Friday, 29 June 2007

The Coptic museum: A silent jewel

Al Ahram Weekly by Nadja Tomoum

The Coptic Museum,situated in the heart of Old Cairo,was built in 1910 by Marcus Simaika Pasha who devoted his life to the preservation and promotion of the Coptic heritage. With the support of the Coptic church, Simaika Pasha established the Coptic Museum at a historically significant location, among some of Cairo's oldest and most important churches. According to a Biblical narration, the holy family rested in this area on their flight from the Jewish King Herod. The journey of Joseph, Mary and the infant Christ to Egypt has greatly influenced the early spread of Christianity throughout the country.

The Coptic heritage is a rather silent treasure in comparison with the splendid artefacts from the time of the great Pharaohs, and yet it is not less important and interesting. Masses of tourists are guided daily through the Egyptian museum -- Egypt's first National Museum --, whereas the Coptic museum attracts the attention of the individual tourist who enjoys the medieval flair of Old Cairo and the unique charm of the Coptic museum.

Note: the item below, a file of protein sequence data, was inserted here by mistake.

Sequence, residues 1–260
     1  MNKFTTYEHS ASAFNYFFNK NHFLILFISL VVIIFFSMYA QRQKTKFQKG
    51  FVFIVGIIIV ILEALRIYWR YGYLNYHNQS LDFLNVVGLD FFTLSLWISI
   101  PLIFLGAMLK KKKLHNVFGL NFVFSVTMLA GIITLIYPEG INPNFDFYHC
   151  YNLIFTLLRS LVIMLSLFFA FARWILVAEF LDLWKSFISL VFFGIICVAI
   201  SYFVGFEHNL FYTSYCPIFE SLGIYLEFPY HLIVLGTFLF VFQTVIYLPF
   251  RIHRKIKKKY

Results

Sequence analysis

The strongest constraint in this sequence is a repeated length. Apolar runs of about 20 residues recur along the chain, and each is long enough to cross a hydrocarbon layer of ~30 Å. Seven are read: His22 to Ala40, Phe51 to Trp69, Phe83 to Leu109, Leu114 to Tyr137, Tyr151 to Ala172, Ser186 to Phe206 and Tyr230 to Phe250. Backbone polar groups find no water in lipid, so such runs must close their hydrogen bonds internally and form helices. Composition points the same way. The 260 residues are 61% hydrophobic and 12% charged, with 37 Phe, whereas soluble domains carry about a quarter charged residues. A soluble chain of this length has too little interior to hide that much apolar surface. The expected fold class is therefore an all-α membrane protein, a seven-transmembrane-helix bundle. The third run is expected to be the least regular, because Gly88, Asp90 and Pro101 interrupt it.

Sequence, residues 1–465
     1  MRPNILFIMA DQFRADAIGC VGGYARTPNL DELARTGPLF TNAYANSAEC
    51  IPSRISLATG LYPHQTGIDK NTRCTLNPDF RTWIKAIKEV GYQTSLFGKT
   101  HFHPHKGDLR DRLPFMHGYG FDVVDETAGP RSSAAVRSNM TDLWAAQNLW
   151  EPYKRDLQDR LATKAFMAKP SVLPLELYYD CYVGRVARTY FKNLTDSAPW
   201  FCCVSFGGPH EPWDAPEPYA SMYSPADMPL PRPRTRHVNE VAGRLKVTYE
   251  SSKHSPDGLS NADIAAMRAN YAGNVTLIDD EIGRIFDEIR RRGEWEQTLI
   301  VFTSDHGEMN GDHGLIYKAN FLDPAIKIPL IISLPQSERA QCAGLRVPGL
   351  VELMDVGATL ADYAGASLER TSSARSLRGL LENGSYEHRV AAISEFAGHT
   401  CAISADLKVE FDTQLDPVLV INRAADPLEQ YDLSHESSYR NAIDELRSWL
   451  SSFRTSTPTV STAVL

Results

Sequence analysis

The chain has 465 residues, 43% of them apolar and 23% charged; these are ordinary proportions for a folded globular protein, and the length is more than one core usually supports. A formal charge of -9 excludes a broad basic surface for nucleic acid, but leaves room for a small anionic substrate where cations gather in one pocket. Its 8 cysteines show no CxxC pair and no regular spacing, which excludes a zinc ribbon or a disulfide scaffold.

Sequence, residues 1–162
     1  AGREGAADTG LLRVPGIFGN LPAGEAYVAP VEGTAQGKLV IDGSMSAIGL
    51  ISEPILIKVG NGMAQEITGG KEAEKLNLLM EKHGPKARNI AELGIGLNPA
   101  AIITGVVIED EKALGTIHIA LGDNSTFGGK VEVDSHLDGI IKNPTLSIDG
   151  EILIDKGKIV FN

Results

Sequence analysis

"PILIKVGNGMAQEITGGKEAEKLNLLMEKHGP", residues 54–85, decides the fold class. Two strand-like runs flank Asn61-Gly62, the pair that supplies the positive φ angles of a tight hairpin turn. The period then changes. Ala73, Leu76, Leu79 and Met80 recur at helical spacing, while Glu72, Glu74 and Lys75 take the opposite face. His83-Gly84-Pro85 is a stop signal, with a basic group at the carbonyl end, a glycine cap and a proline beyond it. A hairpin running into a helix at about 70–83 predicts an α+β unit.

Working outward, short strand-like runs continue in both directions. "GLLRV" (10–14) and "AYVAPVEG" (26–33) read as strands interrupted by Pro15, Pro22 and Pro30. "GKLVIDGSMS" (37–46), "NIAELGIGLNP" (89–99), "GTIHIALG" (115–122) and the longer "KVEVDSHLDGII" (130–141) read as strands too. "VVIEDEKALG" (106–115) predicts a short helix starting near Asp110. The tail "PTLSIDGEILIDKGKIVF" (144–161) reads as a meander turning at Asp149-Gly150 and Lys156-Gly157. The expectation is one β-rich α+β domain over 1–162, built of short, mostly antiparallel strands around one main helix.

See the above page for more.If anyone is interested, I plonked a few photographs of the very beautiful Coptic monasteries of St Anthony and St Paul (Eastern Desert of Egypt) at

Sunday, 24 June 2007

Coptic Language's last survivors

Daily Star
Considered an extinct language, the Coptic language is believed to exist only in the liturgical language of the Coptic Church in Egypt. The ancient language that lost in prominence thanks largely to the Arab incursion into Egypt over 1300 years ago remains the spoken language of the church and only two families in Egypt.Coptic is a combination of the ancient Egyptian languages Demotic, Hieroglyphic and Hieratic, and was the language used by the Ptolemaic rulers of Egypt following the spread of Greek culture throughout much of the Near East. In essence, it is the language of the ancient Egyptians themselves. . . .Coptic is the language of the first Christian church in history, and when the members of the two families that speak the colloquial form of Coptic die, it will be the first language of the early Christian churches to become extinct.